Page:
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Ahead of cuts, proposed jail levy gains steam

County commissioners direct staff to prep ballot title


As local officials brace for the Columbia County Jail’s capacity to be slashed due to lack of funding next month, county commissioners directed staff Wednesday to prepare ballot language for a property tax levy to fund the facility.

Commissioner Earl Fisher said the jail, which will go from 65 beds for local use down to 25 starting July 1, does not have enough capacity to meet the county’s needs as it is.

“If we don’t get the levy, there is no reason to think that we will be able to keep the jail open after next year,” Fisher said. “I think that would just be a disaster.”

The other two commissioners agreed.

“The bottom line is that we have to fund the jail,” Commissioner Henry Heimuller said.

Heimuller added, “None of us likes to pay more taxes. None of us likes to go out and ask for more taxes. Lord knows that. But on the other side of it, I want to live in a community where I know that folks aren’t getting arrested and the officers take them into the jail and they’re booked or released, or worse yet, they get booked and then they go through the whole process, and despite the efforts of our judges and our juries and all of those folks that work to put people behind bars, we end up having to matrix them out because we just simply can’t house them.”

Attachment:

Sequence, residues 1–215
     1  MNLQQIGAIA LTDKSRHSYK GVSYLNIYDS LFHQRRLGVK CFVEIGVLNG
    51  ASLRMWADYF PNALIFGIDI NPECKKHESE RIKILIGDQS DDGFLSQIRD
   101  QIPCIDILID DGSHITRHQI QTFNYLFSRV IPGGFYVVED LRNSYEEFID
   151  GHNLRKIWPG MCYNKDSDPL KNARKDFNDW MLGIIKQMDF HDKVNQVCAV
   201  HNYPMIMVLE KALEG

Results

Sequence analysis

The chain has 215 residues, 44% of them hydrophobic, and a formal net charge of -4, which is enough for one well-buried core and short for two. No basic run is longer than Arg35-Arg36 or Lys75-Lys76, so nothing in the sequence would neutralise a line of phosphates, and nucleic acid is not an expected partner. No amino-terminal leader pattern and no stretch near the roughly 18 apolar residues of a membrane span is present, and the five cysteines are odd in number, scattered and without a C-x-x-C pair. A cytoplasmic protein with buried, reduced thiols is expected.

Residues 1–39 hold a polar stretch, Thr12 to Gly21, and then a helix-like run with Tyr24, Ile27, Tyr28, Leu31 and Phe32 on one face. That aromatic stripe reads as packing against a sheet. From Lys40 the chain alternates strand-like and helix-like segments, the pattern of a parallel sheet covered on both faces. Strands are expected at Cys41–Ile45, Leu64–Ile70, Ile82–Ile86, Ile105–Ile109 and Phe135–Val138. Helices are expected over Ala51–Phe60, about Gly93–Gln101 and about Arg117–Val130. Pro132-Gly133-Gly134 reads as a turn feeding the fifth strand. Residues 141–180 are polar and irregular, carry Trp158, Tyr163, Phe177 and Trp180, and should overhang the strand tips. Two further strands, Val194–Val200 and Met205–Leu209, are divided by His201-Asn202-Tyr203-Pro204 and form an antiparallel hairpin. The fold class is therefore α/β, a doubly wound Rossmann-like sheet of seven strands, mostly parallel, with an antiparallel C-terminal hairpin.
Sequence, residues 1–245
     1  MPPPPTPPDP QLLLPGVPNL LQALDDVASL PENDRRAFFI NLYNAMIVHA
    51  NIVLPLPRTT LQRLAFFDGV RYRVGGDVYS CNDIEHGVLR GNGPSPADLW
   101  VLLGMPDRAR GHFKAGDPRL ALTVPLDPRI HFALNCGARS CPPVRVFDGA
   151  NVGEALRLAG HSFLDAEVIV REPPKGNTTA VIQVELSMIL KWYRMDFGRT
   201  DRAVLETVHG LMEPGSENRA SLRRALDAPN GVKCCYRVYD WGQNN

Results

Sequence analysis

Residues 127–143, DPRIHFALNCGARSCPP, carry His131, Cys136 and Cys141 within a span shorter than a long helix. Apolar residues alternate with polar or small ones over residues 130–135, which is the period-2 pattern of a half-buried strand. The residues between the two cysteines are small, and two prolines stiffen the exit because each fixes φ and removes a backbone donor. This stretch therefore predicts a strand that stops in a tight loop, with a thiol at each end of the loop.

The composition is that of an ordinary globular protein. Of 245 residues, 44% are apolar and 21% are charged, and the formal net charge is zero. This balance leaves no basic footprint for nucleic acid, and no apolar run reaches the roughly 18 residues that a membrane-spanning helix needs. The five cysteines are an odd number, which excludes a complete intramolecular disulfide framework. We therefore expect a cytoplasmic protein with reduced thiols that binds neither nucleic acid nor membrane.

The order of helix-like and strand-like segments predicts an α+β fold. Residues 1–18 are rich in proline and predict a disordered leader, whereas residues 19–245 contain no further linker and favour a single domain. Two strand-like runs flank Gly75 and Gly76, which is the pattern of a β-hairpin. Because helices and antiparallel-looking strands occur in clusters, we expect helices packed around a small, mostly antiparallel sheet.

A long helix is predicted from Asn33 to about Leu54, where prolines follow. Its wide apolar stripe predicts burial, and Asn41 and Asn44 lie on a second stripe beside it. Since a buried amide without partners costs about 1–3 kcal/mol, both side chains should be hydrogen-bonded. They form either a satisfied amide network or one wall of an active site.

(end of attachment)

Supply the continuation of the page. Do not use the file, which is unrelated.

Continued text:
Columbia County Sheriff Jeff Dickerson said earlier this month that the county is on track to release 700 inmates this year due to lack of funding.

During a break in the meeting, Heimuller said he expects the levy will be about 57 cents per $1,000 of assessed property value. For a home assessed at $200,000 in property value, that would be $114 per year.

For the amount of that levy, the jail could have as many as 100 beds available for local use, Heimuller said.

“Once the ballot title’s established, those numbers will be in concrete,” said Heimuller. “Maybe a penny one way or the other on that number, and maybe 5 or 10 percent on the bed number.”

The county government will mount an “aggressive campaign” to persuade voters to approve the levy in November, Heimuller predicted.

“I think we can demonstrate a direct need, and I think we can demonstrate that this is the path that we have no choice but to take,” Heimuller said.

Voters in Lane County last month approved a similar levy for their county jail.